Increasing numbers of young people are expecting to get promoted after only a short period of time. What does it take, regardless of age, to earn a promotion and how can a supervisor support and develop an employee who is not yet ready for a step up the ladder?

In order to qualify for a promotion, or even a raise in the same position, you need to be certain you have fulfilled all the requirements for your current job. And have done so to your supervisor’s satisfaction.

Look through the job description for the position you are currently in, and one by one, identify, specifically, how you have fulfilled that requirement. Be sure to have data to back up your claims for each of the required tasks! This information is also useful for the written self-evaluation you provide at the time of your performance review.

Next, ask yourself what additional responsibilities have you undertaken in your current position. How have they contributed to the needs of the organization? List those added responsibilities in the document you prepare for your performance review, along with the benefit to your supervisor.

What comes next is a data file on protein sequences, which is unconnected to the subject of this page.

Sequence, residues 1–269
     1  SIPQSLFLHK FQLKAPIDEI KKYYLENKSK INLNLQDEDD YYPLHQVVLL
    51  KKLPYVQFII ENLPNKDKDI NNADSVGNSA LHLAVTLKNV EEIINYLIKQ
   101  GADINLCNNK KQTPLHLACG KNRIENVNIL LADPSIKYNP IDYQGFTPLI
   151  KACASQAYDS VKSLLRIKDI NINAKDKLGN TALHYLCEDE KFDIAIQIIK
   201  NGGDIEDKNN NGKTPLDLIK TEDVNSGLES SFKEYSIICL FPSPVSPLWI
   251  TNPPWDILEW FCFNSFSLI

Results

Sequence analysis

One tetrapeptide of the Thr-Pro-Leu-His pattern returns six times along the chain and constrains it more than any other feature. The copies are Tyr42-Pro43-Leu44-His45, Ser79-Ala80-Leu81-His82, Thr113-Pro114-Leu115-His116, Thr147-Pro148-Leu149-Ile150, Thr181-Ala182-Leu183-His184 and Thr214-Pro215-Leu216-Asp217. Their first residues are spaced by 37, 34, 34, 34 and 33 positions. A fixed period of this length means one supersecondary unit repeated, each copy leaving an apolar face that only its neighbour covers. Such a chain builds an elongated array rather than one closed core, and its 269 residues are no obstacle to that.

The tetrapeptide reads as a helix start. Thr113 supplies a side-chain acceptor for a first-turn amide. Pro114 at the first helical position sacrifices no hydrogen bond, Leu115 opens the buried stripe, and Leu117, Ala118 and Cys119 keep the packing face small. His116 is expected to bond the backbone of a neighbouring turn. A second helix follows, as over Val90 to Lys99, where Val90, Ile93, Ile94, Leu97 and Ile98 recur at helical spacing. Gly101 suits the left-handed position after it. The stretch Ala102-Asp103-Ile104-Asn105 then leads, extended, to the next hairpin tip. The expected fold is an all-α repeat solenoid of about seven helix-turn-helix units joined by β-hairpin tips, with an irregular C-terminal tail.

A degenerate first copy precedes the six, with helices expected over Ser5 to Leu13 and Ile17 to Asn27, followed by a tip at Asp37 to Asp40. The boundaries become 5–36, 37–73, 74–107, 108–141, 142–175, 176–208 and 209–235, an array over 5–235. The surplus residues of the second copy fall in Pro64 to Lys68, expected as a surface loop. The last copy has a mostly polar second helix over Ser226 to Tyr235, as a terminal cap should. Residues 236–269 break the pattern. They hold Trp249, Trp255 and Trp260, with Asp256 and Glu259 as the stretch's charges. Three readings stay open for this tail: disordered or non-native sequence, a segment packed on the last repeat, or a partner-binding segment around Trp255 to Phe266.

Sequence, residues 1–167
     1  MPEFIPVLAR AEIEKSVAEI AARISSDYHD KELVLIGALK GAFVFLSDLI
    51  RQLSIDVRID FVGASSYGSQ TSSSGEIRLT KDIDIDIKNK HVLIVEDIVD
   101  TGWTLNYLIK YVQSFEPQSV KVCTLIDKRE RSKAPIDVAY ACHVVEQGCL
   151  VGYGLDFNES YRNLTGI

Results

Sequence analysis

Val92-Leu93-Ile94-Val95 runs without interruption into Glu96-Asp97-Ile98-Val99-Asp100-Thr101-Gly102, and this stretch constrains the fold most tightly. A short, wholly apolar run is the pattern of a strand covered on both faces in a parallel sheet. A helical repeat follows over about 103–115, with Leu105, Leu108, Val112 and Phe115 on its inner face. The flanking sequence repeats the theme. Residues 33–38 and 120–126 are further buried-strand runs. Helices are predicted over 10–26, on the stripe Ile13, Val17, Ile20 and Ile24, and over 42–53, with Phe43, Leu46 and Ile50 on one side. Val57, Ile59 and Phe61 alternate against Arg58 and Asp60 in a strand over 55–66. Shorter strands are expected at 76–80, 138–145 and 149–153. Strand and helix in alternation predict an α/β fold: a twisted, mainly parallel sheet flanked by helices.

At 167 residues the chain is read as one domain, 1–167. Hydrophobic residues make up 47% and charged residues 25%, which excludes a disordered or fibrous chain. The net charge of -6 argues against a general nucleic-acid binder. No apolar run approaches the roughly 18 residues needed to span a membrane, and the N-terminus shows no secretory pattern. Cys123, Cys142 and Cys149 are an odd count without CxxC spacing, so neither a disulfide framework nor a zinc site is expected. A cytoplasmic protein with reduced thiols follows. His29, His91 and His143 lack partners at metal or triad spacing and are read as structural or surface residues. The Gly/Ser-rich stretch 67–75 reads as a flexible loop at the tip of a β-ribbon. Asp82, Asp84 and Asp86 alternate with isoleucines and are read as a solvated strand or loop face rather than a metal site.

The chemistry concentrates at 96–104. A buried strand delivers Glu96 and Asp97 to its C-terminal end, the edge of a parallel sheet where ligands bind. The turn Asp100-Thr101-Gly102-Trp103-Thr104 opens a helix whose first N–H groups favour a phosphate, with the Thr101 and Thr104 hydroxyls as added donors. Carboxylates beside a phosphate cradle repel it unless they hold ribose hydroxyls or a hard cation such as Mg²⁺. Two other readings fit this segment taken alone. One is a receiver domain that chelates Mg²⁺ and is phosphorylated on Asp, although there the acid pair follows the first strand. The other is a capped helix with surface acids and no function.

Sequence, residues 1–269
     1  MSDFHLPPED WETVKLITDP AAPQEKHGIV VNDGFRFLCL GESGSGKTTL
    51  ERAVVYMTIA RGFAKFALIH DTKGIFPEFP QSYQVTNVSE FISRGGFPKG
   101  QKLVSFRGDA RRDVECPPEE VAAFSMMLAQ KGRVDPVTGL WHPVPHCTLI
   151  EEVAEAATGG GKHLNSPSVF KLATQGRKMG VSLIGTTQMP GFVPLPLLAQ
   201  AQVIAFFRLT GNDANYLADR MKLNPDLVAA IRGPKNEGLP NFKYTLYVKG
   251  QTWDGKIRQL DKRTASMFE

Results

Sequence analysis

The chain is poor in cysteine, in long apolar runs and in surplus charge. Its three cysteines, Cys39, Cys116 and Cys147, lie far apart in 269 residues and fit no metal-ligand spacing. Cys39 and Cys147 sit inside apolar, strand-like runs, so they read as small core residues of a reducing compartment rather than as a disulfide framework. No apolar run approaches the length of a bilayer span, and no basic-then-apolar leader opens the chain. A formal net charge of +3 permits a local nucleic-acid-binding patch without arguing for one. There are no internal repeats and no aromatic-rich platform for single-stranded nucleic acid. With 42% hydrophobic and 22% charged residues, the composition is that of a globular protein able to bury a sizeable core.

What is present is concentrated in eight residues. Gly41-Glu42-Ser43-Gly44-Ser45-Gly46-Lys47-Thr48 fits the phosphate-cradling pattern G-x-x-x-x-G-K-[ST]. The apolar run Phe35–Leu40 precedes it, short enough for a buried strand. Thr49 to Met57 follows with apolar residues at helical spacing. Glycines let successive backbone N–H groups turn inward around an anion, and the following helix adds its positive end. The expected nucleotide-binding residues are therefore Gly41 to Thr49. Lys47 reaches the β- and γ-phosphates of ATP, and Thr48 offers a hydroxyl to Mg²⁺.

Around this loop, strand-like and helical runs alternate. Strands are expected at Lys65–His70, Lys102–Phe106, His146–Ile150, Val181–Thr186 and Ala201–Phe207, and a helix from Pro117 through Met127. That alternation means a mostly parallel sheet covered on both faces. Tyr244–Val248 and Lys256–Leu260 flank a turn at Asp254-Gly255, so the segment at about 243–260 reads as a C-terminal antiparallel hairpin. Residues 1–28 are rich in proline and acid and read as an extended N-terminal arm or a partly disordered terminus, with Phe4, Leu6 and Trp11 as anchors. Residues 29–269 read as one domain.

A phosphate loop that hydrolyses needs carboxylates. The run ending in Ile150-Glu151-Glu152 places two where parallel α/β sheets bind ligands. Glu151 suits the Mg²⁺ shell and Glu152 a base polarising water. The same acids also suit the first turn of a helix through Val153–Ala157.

Maybe you’ve picked up some responsibilities for a person who has left or been out for an extended period of time. Maybe you’ve offered to stay late to finish a project that was urgent and pressing. These contributions must be above and beyond what is required in your current job description.

Do you have a position in mind that you intend to apply for? Is it aligned with your current skills and abilities? Do you meet all the requirements for that new position? Can the position be seen as the next step in your professional growth, or is it far too big a stretch?

Be honest with yourself here! If you truly are ready, go for it!  And if you need to work a bit on accomplishing more so that a hiring manager or a search committee will take you seriously, it’s time to create a plan for your professional development!